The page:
Finding houses on Portswood Road was never going to be easy. For a start, quite a few are shops and don’t have house numbers. There are also many gaps where houses used to be but have disappeared, either through modernisation, bombing or a combination of the two. To compound the issue we soon realised that if 368 was opposite 535 we were going to have to concentrate hard. We had four houses to find but it was clear from the outset we would be lucky to find any still standing.
This morning we finally set out to find the last of the Portswood Titanic crew houses. It was yet another stupidly hot muggy day, not a cloud in the sky or a hint of wind, probably not the best for walking the streets looking for houses. We only had eleven to find though and a fairly small area to cover. Roadworks on the corner near Bitterne Park Triangle meant a short detour and a walk on the park side of the bridge rather than the railway side. It made no real difference to distance but gave us different views to admire. The little houseboats moored on the bank seemed especially appealing in the searing heat of the morning.
Sleeping in a tent in the rain isn’t easy. This year though, we’d dispensed with the, frankly, useless air beds that never seem to stay inflated for more than an hour or two and bought proper camp beds with us. They looked narrow and uncomfortable but were surprisingly good to sleep on. Because of the rain and the fading light we’d gone to bed quite early and I woke equally early. Commando was still sleeping but I sneaked out of the tent and went off for a wander. It was just after five in the morning.
Summer came late this year but, when it hit, it hit hard with weeks of high temperatures and high humidity. The thought of a little camping at Thunder Run in mid July was a bright spot on the horizon. Both Rob and Commando said they were going to take things easy this year, do a few laps but also relax a little. We didn’t really believe them but I still imagined Kim and I chilling in the gazebo in the sun, sipping cool drinks and walking a lap or two ourselves.
In the end, after much dithering and discussion, we decided to find the last of the houses in the southern half of Portswood before finding somewhere to have a coffee and a rest. There were just seven of them and three were in one street so it didn’t seem like it would take too long or mean too much walking in the baking sun.
The plan for today was to try to find at least some of the Titanic crew houses in Portswood. As there are a lot of them, covering a large area, and the weather was incredibly hot and humid, I was resigned to the fact that we might not be up to the job of finding all of them. When CJ and I set off the mood was hopeful and doubtful in equal parts. Originally I’d hoped to tick of the handful of houses in Highfield on this walk too but I already knew that was a step too far.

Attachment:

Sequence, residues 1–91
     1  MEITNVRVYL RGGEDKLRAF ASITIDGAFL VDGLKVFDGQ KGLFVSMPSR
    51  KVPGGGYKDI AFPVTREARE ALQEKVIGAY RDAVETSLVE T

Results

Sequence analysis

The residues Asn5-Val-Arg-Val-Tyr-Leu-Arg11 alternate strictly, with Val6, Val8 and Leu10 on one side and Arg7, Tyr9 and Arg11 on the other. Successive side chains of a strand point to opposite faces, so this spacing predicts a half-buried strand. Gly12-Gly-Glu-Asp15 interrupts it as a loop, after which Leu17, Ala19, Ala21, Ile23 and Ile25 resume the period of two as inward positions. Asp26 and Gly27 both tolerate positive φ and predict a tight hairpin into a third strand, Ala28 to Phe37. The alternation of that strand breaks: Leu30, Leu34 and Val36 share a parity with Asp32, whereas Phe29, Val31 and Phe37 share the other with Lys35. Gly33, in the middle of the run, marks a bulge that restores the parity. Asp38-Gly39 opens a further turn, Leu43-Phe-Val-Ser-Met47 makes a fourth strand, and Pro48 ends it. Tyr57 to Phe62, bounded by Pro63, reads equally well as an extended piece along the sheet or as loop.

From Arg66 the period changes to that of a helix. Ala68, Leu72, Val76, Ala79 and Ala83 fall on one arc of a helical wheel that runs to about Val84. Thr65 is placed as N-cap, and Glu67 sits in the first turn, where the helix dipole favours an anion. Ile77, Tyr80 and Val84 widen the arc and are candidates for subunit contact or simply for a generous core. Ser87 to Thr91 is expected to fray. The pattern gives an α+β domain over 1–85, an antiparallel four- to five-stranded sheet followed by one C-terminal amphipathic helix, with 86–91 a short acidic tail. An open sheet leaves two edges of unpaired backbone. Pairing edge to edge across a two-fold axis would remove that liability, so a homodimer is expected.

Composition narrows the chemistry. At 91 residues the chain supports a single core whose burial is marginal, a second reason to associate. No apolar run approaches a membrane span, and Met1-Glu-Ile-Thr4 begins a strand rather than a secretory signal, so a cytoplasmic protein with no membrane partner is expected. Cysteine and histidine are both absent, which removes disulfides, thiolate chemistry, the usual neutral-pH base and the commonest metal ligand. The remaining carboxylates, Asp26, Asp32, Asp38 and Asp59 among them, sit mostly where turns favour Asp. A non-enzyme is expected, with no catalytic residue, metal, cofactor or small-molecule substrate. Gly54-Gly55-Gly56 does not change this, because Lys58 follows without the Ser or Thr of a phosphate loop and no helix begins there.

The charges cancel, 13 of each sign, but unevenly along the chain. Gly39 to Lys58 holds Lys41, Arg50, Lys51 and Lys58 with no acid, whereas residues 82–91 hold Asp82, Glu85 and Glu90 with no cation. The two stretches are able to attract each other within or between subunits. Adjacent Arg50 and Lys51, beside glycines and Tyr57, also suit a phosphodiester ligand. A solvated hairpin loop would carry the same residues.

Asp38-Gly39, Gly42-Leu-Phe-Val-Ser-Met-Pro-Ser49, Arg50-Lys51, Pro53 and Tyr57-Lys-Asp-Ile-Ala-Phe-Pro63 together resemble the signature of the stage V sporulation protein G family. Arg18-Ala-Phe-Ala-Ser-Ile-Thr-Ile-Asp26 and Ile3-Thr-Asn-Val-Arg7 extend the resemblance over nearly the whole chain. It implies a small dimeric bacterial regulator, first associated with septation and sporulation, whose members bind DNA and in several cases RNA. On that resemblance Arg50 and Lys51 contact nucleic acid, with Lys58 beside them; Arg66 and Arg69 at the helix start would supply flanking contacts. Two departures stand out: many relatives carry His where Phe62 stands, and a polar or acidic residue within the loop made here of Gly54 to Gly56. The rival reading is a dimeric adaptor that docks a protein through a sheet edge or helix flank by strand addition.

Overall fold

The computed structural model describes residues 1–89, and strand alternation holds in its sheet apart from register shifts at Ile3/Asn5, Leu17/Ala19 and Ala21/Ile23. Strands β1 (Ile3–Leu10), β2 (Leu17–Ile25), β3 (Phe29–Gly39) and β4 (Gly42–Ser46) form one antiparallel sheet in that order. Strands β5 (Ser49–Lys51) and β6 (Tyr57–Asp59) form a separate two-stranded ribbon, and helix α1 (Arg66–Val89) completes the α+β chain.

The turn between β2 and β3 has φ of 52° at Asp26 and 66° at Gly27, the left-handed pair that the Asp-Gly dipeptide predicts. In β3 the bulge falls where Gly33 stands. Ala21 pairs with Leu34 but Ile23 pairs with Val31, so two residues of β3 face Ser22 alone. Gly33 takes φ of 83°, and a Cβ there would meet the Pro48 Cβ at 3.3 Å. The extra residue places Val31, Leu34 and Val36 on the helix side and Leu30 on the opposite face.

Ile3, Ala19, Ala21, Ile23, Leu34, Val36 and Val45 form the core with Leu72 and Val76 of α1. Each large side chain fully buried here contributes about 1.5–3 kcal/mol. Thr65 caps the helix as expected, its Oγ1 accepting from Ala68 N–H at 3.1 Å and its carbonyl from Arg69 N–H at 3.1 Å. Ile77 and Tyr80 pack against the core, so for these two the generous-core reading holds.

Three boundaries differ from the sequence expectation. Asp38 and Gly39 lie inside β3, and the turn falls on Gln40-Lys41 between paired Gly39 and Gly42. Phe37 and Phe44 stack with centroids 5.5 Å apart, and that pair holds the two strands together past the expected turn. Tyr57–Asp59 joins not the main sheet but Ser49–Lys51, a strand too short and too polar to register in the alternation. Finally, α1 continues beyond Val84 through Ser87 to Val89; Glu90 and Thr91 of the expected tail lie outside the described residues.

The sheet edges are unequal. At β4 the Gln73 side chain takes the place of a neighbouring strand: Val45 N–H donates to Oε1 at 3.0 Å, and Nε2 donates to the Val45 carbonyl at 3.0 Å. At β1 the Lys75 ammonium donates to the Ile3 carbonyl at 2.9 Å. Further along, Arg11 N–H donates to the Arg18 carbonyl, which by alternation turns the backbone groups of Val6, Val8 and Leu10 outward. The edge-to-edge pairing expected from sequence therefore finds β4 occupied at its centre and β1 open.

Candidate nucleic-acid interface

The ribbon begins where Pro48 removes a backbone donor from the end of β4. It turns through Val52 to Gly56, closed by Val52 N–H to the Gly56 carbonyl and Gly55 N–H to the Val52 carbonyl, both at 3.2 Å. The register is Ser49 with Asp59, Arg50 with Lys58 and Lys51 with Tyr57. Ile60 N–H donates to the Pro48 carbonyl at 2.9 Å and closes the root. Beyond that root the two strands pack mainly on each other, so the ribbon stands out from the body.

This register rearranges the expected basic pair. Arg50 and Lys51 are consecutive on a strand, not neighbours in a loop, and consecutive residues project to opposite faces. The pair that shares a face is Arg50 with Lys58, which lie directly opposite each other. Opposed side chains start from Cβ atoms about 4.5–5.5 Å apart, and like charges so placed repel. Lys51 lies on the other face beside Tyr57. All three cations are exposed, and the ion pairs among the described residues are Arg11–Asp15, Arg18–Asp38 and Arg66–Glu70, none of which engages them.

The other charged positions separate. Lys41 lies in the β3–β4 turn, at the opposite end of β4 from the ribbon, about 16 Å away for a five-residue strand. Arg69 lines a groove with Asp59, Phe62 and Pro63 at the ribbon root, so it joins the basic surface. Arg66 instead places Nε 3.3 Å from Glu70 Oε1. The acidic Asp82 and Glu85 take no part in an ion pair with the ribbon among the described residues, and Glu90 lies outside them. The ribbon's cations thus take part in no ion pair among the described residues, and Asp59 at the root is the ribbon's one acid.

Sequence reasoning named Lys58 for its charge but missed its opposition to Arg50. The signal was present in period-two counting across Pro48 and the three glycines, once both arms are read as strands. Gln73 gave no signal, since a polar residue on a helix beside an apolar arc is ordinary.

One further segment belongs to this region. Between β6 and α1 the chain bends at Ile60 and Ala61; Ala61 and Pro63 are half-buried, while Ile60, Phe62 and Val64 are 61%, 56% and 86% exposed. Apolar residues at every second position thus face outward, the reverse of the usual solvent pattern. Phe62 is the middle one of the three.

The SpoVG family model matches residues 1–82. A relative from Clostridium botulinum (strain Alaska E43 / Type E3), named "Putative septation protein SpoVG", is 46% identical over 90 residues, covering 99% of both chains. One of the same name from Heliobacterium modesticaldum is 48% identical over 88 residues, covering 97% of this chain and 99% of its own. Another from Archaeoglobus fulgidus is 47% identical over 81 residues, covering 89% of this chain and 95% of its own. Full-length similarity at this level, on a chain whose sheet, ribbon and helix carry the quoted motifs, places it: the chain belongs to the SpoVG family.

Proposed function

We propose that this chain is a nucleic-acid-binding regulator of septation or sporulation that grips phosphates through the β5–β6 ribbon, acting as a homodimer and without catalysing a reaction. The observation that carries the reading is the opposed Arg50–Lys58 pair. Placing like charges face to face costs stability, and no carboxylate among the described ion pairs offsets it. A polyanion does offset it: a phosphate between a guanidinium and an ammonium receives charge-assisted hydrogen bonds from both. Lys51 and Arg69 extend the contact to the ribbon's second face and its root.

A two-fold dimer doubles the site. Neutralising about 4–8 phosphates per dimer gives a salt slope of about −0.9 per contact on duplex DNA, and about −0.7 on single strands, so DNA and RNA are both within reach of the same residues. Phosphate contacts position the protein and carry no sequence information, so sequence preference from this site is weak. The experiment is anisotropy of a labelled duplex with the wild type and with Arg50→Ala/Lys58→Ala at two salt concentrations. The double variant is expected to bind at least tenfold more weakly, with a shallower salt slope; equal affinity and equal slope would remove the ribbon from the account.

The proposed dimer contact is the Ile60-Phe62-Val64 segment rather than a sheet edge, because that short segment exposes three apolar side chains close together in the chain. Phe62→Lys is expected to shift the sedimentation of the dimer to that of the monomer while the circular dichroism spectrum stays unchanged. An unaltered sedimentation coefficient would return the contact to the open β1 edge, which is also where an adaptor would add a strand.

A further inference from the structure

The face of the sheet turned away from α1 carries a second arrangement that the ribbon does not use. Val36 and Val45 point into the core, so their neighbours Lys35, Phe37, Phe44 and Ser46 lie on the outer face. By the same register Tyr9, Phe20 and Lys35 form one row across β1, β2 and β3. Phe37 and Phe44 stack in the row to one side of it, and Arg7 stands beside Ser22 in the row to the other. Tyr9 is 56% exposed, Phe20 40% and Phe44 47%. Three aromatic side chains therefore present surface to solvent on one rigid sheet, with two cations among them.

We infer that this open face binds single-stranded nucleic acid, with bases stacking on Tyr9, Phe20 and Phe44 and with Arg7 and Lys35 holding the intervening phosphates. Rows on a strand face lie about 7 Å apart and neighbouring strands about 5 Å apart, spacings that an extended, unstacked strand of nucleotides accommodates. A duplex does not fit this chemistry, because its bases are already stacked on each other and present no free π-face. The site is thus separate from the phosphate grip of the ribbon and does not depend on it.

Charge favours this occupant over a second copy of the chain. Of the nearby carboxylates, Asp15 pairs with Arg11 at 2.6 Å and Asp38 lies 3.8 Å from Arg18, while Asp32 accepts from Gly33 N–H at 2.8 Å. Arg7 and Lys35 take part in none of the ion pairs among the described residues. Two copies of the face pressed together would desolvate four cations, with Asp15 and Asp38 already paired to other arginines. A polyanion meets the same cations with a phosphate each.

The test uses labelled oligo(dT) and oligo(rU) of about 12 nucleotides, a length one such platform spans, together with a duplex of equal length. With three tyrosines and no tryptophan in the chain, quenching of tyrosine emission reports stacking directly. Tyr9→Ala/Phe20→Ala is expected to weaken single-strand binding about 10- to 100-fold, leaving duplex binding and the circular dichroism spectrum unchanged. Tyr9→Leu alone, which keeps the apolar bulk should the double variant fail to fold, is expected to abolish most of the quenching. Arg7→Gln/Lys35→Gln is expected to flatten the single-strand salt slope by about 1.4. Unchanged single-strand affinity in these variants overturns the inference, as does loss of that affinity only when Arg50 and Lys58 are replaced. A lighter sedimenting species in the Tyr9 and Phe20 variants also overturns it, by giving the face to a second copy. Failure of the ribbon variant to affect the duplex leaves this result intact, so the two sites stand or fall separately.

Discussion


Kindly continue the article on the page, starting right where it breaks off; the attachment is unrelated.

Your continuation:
One of the great joys in my life is walking in the quiet places. I am a connoisseur of secluded little cut ways, hidden footpaths, trails and walkways. Finding a way to get from a to b that doesn’t involve walking along a road makes me smile, especially when it is beside a river. On my walks I’m always on the lookout for these hidden gems and the ones I know I use regularly, even if they add miles to my walks. Today I chose a route bursting at the seams with away from the road delights for my early morning walk. Unfortunately some of them are not as accessible as they should be though.
Kim and I are loosely following a marathon walking training plan to get ready for Clarendon. Loosely being the operative word because Kim works shifts and we live on opposite sides of the city. During the week we walk separately, each trying to fit in miles as and when we can. The plan is to have one long walk together a week. Much like I did for my last Moonwalk training, the long walks alternate between one long walk week and the next half the previous week’s distance. Each long walk week is two miles longer than the last. It sounds complicated but it really isn’t.
Yesterday, after Commando’s Running School appointment we drove into town to get something from the bike shop in Cumberland Place. There was a coffee in it for me so I didn’t much mind. It was also a chance to walk through East Park and have a look at the Cenotaph.
This afternoon Commando had an appointment to be tortured at The Running School, so I thought I’d go and take a look at the new housing development on North Stoneham Park. From the outset I knew it was going to be another kind of torture. When CJ and I walked this way, back in January 2017, we knew it would most likely be our last chance to see the unspoilt park. When I came this way a year later, work had already begun and the area was unrecognisable. It wasn’t certain what I’d find today but I knew it wouldn’t be gorgeous green fields and footpaths.